Skip to content

Cameraman tales – Felix Yiaxis

In the later seventies, Felix Yiaxis, UPITN’s staff cameraman based in Cyprus, was posted to Cairo as cameraman.  Previously, Osman Mahmoud Osman had been the retained cameraman who was employed on the basis of providing a set number of stories from Egypt each month.  He was paid for each story.  Osman had asked for more money, not having had a raise in many years.  Kenneth Coyte refused and Osman stopped work.

Felix went from his base in Cairo to cover a story in Suez.  He took with him Farouk Foley who had been working as a soundman in Cairo with Osman.  The story in Suez was routine and unimportant and I do not remember what it was.  It was probably some festival or another.

On the way back, Yiaxis was being driven in the camera car, at some speed, on the desert road when it left the highway and went off into the desert.  Felix Yiaxis was injured, he was in critical condition.   He was removed from the wreck by Farouk, who was only slightly injured.  Farouk got help and had him taken to hospital in Cairo.  Felix was suffering from serious multiple injuries.

He was treated in Cairo, but they realised that he would need specialist attention and he was flown to London where he was taken into the Royal Masonic Hospital.  There he was given the best medical care available.

Incredibly, it emerged that Felix was a Governor of the Royal Masonic Hospital.

Felix spent many months in the hospital before recovering sufficiently to return to his home in Cyprus.

When the accident happened, there was a routine Management Meeting held at UPITN.  It was presided over by Clarence “Dusty” Rhodes, the UPITN President.

The question of insurance for camera crews came up.  I pointed out that since I joined the company I had insured every member of the crews that I had used over the previous fourteen years.  I added that I would not dream of going on location without insuring the crews.  It could prove quite expensive.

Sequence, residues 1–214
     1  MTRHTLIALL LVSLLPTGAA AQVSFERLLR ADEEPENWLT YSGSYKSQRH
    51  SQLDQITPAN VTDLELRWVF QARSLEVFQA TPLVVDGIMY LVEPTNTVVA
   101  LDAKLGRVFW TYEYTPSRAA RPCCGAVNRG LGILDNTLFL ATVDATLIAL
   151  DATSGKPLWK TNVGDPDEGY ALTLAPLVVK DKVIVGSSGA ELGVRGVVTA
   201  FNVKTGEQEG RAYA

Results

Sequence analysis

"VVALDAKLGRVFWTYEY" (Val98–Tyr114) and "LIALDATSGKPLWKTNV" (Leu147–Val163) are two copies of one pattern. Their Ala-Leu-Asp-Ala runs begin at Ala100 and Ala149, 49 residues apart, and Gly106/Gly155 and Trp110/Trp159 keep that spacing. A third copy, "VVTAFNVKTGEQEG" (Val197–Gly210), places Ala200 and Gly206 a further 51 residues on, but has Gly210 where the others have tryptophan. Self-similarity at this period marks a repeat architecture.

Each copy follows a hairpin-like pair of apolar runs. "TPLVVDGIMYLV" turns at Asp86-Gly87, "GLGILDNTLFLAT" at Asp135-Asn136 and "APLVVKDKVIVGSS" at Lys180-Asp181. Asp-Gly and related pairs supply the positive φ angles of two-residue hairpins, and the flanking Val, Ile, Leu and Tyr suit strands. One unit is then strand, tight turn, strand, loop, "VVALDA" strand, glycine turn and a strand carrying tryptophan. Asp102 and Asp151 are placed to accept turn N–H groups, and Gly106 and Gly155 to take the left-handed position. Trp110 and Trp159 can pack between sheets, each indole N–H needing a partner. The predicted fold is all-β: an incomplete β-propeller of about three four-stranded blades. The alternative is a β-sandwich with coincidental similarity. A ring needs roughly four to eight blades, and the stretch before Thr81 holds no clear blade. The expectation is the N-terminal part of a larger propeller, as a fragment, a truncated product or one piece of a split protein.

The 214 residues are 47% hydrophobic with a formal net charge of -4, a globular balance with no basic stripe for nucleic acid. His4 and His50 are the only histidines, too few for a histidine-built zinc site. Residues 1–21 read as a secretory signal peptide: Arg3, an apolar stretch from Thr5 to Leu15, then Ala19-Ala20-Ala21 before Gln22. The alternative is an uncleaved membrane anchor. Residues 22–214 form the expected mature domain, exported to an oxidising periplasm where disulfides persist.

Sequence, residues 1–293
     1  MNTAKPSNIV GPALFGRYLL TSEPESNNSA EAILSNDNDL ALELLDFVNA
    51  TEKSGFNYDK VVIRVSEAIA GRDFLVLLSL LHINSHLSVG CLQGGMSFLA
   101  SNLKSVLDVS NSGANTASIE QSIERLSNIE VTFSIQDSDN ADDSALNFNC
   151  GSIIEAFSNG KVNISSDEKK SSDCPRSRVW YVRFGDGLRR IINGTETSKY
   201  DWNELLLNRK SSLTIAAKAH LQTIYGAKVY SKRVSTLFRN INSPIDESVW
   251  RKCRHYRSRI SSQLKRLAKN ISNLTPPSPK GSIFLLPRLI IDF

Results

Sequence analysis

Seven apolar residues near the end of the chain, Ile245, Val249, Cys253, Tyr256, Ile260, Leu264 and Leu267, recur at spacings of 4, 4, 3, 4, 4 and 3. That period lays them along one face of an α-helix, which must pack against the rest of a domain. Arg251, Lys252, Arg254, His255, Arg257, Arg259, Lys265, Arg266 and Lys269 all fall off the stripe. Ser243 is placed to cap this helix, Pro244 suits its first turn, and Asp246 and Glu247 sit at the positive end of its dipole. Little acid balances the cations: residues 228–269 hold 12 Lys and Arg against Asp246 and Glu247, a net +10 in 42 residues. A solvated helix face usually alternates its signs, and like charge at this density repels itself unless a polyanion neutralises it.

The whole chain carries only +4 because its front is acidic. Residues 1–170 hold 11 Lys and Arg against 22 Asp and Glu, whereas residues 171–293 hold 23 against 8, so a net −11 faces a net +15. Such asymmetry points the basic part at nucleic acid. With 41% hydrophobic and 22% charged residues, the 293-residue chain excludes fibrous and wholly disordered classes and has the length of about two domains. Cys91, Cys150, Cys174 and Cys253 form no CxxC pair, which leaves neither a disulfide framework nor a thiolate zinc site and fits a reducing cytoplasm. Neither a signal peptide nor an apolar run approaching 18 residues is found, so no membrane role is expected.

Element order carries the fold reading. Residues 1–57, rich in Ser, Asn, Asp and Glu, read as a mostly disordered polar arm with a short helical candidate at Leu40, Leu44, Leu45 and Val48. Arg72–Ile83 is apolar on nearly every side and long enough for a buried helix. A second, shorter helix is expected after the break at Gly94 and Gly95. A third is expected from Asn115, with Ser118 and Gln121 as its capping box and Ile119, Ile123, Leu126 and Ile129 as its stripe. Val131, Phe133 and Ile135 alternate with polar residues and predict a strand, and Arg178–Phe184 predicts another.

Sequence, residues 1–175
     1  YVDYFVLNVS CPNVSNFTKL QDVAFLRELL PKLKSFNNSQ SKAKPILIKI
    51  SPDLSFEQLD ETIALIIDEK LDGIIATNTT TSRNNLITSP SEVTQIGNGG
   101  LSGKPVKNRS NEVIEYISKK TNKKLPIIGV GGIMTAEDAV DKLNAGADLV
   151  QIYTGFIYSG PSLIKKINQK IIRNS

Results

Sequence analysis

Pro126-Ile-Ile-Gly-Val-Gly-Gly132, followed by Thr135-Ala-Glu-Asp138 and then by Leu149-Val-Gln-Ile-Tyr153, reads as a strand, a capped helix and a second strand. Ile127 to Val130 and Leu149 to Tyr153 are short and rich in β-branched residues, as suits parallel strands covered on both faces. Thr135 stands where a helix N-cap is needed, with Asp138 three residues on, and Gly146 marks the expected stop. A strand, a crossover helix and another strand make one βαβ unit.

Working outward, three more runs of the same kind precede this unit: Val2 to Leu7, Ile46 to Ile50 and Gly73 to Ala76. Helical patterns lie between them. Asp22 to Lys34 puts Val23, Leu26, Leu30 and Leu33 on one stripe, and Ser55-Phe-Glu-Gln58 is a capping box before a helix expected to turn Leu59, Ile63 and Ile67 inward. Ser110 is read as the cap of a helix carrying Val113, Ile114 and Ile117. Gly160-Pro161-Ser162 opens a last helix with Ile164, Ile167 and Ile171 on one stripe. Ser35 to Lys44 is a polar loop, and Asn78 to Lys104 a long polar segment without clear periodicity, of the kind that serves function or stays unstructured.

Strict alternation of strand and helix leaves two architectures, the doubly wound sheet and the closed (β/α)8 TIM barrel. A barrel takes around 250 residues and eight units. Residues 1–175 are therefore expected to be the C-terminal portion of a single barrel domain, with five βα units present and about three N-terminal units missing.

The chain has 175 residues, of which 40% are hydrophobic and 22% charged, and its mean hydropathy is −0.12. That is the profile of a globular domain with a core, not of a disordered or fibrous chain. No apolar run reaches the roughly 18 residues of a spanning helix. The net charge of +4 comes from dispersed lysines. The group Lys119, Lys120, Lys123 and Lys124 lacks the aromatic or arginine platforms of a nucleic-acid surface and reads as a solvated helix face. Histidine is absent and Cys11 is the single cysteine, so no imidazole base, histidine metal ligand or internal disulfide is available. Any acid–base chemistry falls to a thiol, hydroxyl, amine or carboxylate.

It emerged that our freelance crews were not insured at all.  “They should look after that themselves” and our staff crews were insured for an absolute minimum.

Dusty Rhodes said “We don’t have to insure the British, they have got the N.H.S.”.

Osman was given his rise and he returned to work.  Farouk became a cameramen and they worked in Cairo for UPITN for many years.

Felix never worked as a cameraman again.

© Terence Gallacher and, 2013.  Unauthorized use and/or duplication of this material without express and written permission from this blog’s author and/or owner is strictly prohibited. Excerpts and links may be used, provided that full and clear credit is given to Terence Gallacher and with appropriate and specific direction to the original content.

For more articles in the Cameraman tales series click here.

No comments yet

Leave a Reply

Fill in your details below or click an icon to log in: Logo

You are commenting using your account. Log Out /  Change )

Google photo

You are commenting using your Google account. Log Out /  Change )

Twitter picture

You are commenting using your Twitter account. Log Out /  Change )

Facebook photo

You are commenting using your Facebook account. Log Out /  Change )

Connecting to %s

This site uses Akismet to reduce spam. Learn how your comment data is processed.

%d bloggers like this: